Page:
YouTube is Scaling Back its TV-Like Programming Efforts
This is interesting - after announcing that YouTube TV had been expanded to reach 98% of US households back in January, YouTube is now reportedly looking to scale back its original content efforts, with competition in the sector proving too significant for the platform to gain a foothold with its own TV-like programming.
As reported by Bloomberg:
"The Google-owned business has stopped accepting pitches for expensive scripted shows, said the people, who asked not to be identified because the decision hasn’t been announced. The retreat from direct competition with Netflix Inc. and Amazon.com Inc.’s Prime Video service reflects the high cost - in billions of dollars - needed to take on those deeply entrenched players, even for a rich tech giant like Google, the people said."
Google has since clarified that it's not totally ceasing all new programming, but it is scaling back, part of its broader shift away from the original paid subscription model of its YouTube Red service.
The move suggests that YouTube sees significant enough potential in its existing business to not bother challenging those larger players. Bloomberg also notes that YouTube generated more than $15 billion in ad sales last year without exclusive, TV-like programming, so it may not need it. But the change in direction is worth noting, particularly as Facebook continues to re-align and ramp up its original content focus.
Both YouTube and Facebook have been rushing to gain more traction in digital TV, fronting up significant cash to invest in new, exclusive programming from a range of big-name celebrities and studios.
YouTube originally launched YouTube Red - and 'Red Originals' - back in 2016, which included a raft of exclusive, original programming which was set to become part of YouTube's TV-like offering, and position the platform as a genuine TV alternative.
The 'Red' brand was switched to 'YouTube Premium' early last year, and a few months later, YouTube also announced that it would make its original productions free to view, as opposed to subscription-based, signaling the end of the YouTube Red project.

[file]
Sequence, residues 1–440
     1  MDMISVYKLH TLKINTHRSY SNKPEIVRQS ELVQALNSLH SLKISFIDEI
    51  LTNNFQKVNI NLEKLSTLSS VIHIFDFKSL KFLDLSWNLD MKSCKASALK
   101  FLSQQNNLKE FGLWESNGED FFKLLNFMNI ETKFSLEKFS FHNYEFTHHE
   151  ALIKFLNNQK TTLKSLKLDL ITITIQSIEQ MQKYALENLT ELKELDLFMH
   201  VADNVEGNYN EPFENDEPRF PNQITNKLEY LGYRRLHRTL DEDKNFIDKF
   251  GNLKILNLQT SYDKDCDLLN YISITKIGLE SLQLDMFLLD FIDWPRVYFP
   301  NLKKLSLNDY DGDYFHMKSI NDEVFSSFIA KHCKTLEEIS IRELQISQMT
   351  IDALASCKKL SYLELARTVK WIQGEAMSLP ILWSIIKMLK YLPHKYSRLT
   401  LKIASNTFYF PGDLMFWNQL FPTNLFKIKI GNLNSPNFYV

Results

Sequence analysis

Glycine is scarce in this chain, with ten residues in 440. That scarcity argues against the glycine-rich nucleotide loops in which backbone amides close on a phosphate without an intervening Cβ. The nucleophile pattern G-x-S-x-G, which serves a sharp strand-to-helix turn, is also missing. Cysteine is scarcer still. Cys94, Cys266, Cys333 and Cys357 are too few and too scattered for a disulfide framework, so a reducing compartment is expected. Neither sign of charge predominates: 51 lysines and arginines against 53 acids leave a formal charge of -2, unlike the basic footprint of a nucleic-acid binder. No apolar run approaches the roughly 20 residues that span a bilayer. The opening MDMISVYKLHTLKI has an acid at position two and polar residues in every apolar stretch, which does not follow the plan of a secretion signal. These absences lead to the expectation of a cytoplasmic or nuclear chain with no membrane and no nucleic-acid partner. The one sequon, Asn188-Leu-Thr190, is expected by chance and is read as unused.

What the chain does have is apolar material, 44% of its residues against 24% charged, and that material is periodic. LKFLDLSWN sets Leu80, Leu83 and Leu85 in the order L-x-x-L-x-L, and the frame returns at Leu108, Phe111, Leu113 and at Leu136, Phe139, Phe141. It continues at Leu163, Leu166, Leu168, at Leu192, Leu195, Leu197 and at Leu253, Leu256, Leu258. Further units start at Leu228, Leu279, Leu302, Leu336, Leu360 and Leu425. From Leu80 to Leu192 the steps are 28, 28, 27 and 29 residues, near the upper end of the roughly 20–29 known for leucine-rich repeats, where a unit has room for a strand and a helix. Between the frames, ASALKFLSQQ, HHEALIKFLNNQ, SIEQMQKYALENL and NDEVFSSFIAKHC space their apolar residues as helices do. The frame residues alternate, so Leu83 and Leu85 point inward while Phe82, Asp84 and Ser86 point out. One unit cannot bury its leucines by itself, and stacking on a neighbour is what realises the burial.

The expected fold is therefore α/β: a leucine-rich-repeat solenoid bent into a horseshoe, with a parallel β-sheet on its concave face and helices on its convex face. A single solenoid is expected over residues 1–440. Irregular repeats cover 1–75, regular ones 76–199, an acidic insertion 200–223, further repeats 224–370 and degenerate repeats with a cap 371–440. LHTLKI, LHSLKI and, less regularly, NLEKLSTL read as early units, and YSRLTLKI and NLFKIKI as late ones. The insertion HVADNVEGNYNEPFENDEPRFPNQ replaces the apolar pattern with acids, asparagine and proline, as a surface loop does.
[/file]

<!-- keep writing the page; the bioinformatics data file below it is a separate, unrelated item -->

This latest announcement looks to be the extension of this shift, with YouTube planning to fund fewer programs, and concentrate instead on its core projects, as opposed to taking on the growing investment from Netflix and Amazon.
Facebook, through its Watch platform, has also shifted its direction, moving away from news content, and more towards youth-focused originals as it seeks to find the right approach to maximize its return on investment for its original content.
This also comes as Apple launches 'Apple TV Plus', it's new, exclusive TV offering which will feature original shows and movies from a range of big-name stars.
As reported by The Verge, Apple's expected to spend $2 billion on original content this year, which it hopes will put it on competitive footing with Netflix and Amazon.
Given the rising competition in the digital video space, you can see how it could make sense for YouTube to scale back and let those bigger spenders battle it out, as it continues to build momentum for its existing offerings. But it also seems somewhat risky - YouTube could lose its position as the dominant online video platform, and lose ad dollars as newer online offerings come through.
Google must be confident of YouTube's niche value - which, to be fair, is a pretty broad niche. It'll be interesting to see how the other major players fare as they increase their spending on original content.
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